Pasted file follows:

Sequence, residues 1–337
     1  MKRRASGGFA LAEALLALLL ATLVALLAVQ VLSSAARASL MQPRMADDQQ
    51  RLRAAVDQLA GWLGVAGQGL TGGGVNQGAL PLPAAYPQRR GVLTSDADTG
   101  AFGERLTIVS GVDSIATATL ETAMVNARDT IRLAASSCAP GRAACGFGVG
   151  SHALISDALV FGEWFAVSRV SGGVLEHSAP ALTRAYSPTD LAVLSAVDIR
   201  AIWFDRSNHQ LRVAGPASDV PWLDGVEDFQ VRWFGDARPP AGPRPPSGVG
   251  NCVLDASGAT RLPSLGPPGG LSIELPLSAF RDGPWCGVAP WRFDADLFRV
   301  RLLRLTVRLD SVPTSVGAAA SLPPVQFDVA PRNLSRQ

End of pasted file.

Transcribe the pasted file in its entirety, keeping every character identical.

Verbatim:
Sequence, residues 1–337
     1  MKRRASGGFA LAEALLALLL ATLVALLAVQ VLSSAARASL MQPRMADDQQ
    51  RLRAAVDQLA GWLGVAGQGL TGGGVNQGAL PLPAAYPQRR GVLTSDADTG
   101  AFGERLTIVS GVDSIATATL ETAMVNARDT IRLAASSCAP GRAACGFGVG
   151  SHALISDALV FGEWFAVSRV SGGVLEHSAP ALTRAYSPTD LAVLSAVDIR
   201  AIWFDRSNHQ LRVAGPASDV PWLDGVEDFQ VRWFGDARPP AGPRPPSGVG
   251  NCVLDASGAT RLPSLGPPGG LSIELPLSAF RDGPWCGVAP WRFDADLFRV
   301  RLLRLTVRLD SVPTSVGAAA SLPPVQFDVA PRNLSRQ